You're right, gold bricks are being stored in vaults. I think everyone will get a good lesson in dynamic processes when gold starts moving.
    Jul 8 11:31 AM | 1 Like Like |Link to Comment
  • Yamana: Thinking Trades in Gold [View article]
    Shorts have to cover sooner or later, no?
    Jul 6 01:51 PM | 2 Likes Like |Link to Comment
  • Yamana: Thinking Trades in Gold [View article]
    rick,

    All corrections are a gift. In the bull market of the 70's, gold actually declined by 50% at one point before taking off. It's when people start losing hope that gold starts moving.
    Jul 6 09:26 AM | 4 Likes Like |Link to Comment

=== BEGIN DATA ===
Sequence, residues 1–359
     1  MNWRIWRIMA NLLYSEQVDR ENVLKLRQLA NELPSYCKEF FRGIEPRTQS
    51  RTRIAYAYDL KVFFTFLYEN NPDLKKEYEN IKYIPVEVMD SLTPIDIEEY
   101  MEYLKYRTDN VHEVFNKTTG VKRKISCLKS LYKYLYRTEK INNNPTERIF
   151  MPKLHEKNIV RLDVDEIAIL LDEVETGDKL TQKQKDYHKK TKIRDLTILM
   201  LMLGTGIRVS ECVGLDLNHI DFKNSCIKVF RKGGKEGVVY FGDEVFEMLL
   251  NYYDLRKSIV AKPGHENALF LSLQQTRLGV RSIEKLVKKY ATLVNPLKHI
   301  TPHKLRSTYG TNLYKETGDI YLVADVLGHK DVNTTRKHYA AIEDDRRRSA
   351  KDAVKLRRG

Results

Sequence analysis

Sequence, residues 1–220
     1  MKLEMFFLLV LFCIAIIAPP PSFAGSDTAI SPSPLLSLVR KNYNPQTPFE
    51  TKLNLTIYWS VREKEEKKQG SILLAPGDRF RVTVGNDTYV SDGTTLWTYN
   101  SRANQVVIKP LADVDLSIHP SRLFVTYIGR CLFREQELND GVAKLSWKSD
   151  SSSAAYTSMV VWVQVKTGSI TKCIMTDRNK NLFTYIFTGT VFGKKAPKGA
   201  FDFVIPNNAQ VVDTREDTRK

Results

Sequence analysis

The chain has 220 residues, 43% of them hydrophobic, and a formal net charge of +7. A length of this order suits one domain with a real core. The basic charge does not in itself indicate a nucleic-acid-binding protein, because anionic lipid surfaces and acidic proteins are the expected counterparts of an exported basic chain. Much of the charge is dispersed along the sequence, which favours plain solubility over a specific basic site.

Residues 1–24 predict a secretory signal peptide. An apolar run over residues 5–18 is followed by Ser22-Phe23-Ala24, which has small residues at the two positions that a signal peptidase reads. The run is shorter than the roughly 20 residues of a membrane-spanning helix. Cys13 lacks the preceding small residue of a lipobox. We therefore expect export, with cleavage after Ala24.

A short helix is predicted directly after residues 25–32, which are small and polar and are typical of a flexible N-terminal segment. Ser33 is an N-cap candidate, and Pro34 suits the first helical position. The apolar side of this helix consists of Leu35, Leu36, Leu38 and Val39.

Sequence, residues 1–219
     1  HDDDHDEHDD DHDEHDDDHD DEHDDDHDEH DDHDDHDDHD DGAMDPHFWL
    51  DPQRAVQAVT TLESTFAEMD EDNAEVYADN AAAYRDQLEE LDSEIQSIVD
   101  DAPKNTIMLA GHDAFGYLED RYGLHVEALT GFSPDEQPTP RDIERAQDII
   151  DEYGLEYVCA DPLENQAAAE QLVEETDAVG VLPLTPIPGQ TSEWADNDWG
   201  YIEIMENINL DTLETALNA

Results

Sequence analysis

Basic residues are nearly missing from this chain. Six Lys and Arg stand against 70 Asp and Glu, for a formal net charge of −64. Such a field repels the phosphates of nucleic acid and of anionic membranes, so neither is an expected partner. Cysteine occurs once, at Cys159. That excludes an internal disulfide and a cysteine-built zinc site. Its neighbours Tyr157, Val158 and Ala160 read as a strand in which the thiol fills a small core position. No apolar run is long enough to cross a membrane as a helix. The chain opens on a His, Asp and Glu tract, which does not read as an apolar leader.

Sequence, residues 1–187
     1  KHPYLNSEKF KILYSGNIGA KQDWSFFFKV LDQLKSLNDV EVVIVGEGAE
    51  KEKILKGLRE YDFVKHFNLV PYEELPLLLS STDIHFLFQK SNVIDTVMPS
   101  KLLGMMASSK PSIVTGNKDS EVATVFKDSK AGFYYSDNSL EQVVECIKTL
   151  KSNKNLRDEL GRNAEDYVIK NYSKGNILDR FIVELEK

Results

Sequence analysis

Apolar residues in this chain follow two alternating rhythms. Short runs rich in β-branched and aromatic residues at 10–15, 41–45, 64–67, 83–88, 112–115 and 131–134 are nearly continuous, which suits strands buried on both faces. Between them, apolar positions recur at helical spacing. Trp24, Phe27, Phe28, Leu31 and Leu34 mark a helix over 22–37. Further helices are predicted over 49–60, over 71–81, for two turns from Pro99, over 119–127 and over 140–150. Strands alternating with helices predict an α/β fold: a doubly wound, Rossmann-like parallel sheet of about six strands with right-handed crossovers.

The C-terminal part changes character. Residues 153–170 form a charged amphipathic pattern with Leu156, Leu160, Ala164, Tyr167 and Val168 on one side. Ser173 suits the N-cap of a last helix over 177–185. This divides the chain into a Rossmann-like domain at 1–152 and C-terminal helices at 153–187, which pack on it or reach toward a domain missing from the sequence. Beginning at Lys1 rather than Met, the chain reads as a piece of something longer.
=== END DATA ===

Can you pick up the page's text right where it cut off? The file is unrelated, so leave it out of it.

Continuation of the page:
• A Brief Primer on Choosing Gold Stocks [View article]
    Long Haul,

    Mexico would probably be right under those 3 countries I mentioned, although there is a history in Mexico of disruptions of mining operations by the local population. Minefinders is one relatively recent example.
    Jul 6 01:39 AM | Likes Like |Link to Comment
  • A Brief Primer on Choosing Gold Stocks [View article]
    Bill J,

    Namely the risk of nationalization of gold mines. Crystallex, a company with great potential and mines in Venezuela, comes to mind as a company that got hurt by nationalization.

    Also, there's the possibility gold confiscation (ala 1933) and the fixing of the price of gold, which would artificially suppress the value of gold stocks.


    On Jul 03 12:26 PM Bill J wrote:

    > In this article (and a good one indeed) you made the comment:
    >
    > "The U.S., Canada, and Australia are solid choices (although recent
    > developments in the U.S. have me worried). "
    >
    > Exactly what US developments have you worried?